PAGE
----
Got Shareholders or Partners That Aren't Meeting Expectations Anymore?

Partnerships

So should you save or cease your business partnership? Is it worth it to try and find a facilitator to work through the years of baggage you hold against each other or just hire a lawyer and elect to use the shotgun clause to buy him or her out?

If you look back at what you’ve achieved together, you may think twice about dumping such an important resource for the firm. But at the same time, sometimes two business partners outgrow each other, or can’t make the magic together anymore. It may be time to split up.

But you won’t gain insight into which direction to take from a lawyer. You will start the process of ending the partnership and negotiating the payout. Then one of you will have to figure out how to grow the business again and recover from that big loss of cash you just paid out.

There are two questions business partners need answers to before deciding it’s time for an expensive divorce.

  1. What problem would be solved if either of you left?  
  2. What problem are you really trying to solve that isn’t being addressed?

Here are the top five reasons that partners want to divorce. We’ve managed to come to terms with all these issues for our clients to their satisfaction. These are the underlying reasons that don’t get discussed but really need air time so you plan the next steps in a way that rewards everyone (instead of penalizing some), including the company.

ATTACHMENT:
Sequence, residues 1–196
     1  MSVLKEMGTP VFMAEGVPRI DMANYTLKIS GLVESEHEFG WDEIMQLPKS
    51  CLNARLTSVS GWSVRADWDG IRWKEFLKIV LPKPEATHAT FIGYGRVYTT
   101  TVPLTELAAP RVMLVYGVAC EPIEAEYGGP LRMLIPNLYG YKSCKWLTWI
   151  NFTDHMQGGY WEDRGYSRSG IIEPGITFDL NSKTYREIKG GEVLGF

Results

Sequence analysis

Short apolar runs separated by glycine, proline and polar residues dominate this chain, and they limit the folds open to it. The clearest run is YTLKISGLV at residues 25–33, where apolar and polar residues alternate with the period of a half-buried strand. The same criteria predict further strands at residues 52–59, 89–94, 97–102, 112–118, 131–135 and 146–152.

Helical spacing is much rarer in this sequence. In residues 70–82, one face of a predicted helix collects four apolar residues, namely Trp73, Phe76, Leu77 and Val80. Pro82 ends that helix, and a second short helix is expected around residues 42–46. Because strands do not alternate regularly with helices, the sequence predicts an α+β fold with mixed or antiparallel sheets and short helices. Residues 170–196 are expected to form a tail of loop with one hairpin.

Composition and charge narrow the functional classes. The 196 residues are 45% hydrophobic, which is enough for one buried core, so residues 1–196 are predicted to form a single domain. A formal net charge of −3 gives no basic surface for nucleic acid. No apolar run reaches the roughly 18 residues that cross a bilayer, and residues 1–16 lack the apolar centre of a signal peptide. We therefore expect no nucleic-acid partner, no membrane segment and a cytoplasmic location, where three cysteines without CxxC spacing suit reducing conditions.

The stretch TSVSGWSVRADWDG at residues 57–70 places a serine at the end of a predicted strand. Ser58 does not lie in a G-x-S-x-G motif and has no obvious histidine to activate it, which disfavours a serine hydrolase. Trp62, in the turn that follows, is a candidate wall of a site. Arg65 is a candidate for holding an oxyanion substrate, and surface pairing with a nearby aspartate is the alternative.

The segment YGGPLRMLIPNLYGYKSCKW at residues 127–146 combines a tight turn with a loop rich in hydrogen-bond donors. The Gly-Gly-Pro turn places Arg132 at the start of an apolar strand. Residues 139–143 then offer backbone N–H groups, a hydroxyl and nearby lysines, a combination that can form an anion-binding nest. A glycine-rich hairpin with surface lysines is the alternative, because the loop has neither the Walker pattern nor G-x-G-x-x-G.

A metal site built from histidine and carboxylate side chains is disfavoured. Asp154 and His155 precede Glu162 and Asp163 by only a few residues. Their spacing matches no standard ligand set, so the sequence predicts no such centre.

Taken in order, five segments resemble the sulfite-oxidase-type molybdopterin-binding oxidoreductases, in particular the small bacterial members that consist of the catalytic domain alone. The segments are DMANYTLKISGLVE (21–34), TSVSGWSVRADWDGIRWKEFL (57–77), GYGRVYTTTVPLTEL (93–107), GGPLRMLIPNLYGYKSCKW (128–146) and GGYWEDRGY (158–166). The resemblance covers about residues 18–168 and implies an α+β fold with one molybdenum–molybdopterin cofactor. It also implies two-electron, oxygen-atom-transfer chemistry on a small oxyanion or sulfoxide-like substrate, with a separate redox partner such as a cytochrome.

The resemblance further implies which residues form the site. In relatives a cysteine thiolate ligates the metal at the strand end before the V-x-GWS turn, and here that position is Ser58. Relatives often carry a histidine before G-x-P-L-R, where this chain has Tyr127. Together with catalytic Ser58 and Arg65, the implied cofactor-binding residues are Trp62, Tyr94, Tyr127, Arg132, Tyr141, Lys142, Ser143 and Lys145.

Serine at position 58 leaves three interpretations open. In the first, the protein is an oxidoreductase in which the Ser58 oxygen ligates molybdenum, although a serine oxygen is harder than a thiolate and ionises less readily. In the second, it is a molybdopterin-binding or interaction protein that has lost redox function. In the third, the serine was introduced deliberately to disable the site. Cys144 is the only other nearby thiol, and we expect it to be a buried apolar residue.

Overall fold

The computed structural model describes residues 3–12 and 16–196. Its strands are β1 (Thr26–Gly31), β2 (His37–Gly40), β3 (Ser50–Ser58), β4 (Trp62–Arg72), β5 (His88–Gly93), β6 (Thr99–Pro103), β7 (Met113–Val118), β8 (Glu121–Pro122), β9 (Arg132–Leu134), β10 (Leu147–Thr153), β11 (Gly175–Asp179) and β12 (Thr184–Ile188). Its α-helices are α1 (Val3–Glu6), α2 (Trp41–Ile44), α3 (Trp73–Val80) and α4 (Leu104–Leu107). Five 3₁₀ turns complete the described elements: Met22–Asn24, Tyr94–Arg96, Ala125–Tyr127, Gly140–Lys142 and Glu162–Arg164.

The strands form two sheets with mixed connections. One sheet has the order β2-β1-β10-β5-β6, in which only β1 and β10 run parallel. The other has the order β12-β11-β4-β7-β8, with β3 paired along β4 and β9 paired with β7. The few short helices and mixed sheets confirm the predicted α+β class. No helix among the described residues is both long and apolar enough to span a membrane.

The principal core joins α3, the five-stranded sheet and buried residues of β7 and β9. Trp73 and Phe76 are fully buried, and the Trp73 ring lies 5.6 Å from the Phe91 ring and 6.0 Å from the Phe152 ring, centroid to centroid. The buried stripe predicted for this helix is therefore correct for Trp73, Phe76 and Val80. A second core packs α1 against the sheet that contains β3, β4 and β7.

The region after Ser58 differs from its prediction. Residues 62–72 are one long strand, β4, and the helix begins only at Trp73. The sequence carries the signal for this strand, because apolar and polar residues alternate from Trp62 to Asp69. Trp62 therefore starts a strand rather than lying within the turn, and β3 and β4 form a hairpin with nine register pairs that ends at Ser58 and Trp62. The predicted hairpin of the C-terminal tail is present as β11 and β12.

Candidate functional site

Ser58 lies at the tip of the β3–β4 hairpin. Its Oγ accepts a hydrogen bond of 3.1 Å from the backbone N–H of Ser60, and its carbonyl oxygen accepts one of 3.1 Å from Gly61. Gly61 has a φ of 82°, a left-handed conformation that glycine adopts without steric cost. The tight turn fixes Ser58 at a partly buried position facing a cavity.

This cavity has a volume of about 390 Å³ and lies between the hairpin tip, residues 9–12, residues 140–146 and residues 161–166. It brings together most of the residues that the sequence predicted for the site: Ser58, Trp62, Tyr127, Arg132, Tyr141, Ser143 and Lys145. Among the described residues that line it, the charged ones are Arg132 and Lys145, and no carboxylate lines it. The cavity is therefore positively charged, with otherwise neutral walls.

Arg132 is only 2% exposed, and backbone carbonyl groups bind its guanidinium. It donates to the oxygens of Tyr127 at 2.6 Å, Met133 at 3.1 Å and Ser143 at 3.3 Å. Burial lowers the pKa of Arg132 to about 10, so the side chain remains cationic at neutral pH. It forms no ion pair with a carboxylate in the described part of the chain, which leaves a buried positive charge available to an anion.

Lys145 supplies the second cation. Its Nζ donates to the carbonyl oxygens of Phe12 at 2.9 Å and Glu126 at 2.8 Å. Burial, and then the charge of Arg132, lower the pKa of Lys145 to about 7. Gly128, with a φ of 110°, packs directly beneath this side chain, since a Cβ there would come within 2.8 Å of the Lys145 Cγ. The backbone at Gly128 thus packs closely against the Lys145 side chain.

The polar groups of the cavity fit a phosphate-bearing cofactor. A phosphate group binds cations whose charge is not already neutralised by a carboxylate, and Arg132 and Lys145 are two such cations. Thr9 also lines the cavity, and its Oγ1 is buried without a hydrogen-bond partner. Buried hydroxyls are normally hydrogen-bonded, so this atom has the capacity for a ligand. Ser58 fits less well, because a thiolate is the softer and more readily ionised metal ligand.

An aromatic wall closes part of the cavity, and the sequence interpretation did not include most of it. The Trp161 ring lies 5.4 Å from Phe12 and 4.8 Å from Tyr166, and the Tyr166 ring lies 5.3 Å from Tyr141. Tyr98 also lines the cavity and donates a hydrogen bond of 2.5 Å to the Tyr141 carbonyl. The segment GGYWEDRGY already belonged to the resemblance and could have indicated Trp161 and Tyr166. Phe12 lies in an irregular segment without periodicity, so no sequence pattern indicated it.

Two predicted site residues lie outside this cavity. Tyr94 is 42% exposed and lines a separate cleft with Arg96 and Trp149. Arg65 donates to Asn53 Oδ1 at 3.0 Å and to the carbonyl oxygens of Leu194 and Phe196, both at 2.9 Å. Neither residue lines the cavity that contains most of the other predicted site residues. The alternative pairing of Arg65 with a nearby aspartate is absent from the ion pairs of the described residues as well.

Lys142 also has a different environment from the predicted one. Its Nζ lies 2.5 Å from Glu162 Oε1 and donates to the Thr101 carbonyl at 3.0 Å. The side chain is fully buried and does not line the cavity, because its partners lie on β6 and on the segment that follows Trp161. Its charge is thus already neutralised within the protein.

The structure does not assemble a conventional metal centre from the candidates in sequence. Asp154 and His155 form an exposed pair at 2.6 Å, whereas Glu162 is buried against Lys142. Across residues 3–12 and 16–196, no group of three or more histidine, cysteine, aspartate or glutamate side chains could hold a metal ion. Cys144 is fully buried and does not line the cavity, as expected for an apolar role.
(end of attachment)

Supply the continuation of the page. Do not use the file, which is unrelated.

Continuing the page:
• Square peg, round hole syndrome - The company needs a role fulfilled. One partner has the expertise and not the passion, or the passion and not the expertise.
  • Unfulfilled Expectations - What you started out agreeing to build has not come to pass. You believe it’s because the other partner didn’t fulfill promises or pull their weight.
  • The 49/51 Problem: You both thought that the 51% partner should lead the business. But the business needs a leader with more experience.
  • Family & Merit - In the beginning you needed employees so family members jumped on board. When poor performance happened, each partner thought it was the other’s responsibility to fix it with their relative. Non-family employees are evaluated on merit, family are not. Now, no one is taking responsibility for anything.
  • I want out - One partner is unhappy and wants to be bought out this year. They’ve left the business and now you’re shouldering the burden of running it but still paying the absent partner dividends.

Learn about how to manage your partnership problems by reading these articles:

SIGN #4 – Is This Going On In Your Business Partnership?Work Style Conflict

SIGN #3 – Is This Going On In Your Business Partnership? Square Peg In Round Hole

SIGN #2 – Is This Going On In Your Business Partnership? Who’s The Boss

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